Only players who logged an entire season of major league service last year will receive the full year in the doomsday scenario. If a season is played, a full year of service can be earned even if the season is shorter than the typical 172 days to reach that milestone.

                            So players got service time. Are they getting paid now, too?

                            Their salaries for 2020 will be prorated. If teams play an 81-game schedule, players will get 50% of their full, agreed-upon money. If they play 120 games, they will receive 74%. Performance-bonus clauses will be prorated too.

                            If the season is canceled, the only payment players will receive is the $170 million advance teams guaranteed players to be distributed in April and May. The money is essentially a down payment on salaries for 2020. Should games be played, it will be factored into paychecks. If no games are played, the players get to keep the $170 million without repayment.

                            The agreement adds that players cannot sue for their salaries -- an important distinction even though Paragraph 11 almost certainly would have held up in a grievance setting.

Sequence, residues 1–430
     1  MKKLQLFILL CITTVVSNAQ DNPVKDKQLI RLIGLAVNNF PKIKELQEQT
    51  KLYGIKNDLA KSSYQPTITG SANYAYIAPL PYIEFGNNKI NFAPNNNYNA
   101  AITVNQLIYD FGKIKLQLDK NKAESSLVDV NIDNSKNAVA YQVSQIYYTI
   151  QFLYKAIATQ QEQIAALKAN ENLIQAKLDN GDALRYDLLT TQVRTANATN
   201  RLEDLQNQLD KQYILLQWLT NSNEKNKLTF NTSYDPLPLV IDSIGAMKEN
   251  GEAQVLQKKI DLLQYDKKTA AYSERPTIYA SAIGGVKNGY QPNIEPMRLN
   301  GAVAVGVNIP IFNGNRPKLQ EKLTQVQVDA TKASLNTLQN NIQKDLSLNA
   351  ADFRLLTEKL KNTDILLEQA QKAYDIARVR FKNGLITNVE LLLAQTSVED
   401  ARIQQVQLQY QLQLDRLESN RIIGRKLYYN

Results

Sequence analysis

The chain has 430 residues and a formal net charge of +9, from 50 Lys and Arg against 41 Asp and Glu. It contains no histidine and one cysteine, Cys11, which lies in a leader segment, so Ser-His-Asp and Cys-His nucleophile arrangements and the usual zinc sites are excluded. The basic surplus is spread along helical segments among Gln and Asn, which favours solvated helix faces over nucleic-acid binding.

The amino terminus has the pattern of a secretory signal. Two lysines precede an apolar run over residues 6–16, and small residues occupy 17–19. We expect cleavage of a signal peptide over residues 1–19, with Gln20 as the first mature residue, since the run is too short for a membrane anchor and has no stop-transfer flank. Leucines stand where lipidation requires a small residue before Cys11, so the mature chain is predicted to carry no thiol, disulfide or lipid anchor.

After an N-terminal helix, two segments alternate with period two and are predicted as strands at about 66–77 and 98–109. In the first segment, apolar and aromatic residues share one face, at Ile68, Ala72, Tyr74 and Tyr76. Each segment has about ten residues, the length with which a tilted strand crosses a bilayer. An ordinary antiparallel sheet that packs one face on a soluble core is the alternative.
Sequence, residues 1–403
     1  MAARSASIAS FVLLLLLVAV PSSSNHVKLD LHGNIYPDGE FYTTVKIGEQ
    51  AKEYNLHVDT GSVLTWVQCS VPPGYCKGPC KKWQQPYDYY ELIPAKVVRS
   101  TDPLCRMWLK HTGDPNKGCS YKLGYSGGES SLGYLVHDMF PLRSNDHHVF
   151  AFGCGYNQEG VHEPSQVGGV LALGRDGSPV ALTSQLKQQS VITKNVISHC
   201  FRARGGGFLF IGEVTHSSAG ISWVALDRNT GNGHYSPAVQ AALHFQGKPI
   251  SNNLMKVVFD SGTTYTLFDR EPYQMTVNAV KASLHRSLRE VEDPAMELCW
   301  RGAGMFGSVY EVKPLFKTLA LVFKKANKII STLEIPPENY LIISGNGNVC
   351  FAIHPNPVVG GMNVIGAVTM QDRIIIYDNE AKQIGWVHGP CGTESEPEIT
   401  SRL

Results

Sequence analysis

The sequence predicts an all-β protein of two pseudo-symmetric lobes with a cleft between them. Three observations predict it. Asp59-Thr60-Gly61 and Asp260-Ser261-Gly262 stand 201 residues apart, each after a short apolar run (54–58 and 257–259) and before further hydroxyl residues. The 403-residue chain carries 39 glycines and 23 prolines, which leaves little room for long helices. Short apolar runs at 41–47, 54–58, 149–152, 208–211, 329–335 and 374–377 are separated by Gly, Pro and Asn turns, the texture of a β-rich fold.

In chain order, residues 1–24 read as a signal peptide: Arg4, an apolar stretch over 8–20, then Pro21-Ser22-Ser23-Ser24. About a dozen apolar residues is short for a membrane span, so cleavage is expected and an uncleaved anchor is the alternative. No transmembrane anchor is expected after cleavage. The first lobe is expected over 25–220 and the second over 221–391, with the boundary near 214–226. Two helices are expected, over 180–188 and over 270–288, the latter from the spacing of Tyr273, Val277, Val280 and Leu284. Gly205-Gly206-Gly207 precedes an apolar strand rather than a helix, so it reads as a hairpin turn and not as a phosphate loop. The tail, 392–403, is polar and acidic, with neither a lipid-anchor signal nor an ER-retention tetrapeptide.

Who among the players wins biggest in this scenario?

                            All major league players who have reached arbitration and thus do not have contracts with a different salary whether they are in the major leagues or minor leagues. They will receive $5,000 a day in April and May -- or about $150,000 a month.

                            Where does the remainder of the money go?

                            There are three other classes of players, as defined by the MLBPA's plan to split the advance.

                            A young star like Juan Soto of the Washington Nationals has what is called a split contract, which calls for him to be paid $629,400 in the major leagues and $289,150 in the minor leagues. Players with split deals for more than $150,000 in the minor leagues will receive $1,000 a day -- or around $60,000.

                            Stud rookie Bo Bichette of the Toronto Blue Jays is on a split deal, with a minor league salary that's in the $91,800 to $149,999 range. He'll get $500 a day -- half of what Soto is making and 10% of a veteran.

                            Top prospect Cristian Pache, whom the Atlanta Braves added to their 40-man roster this winter, is on the minimum for a split deal: $46,000. Those on split deals under $91,800 will be paid $275 a day, or somewhere in the neighborhood of $16,500.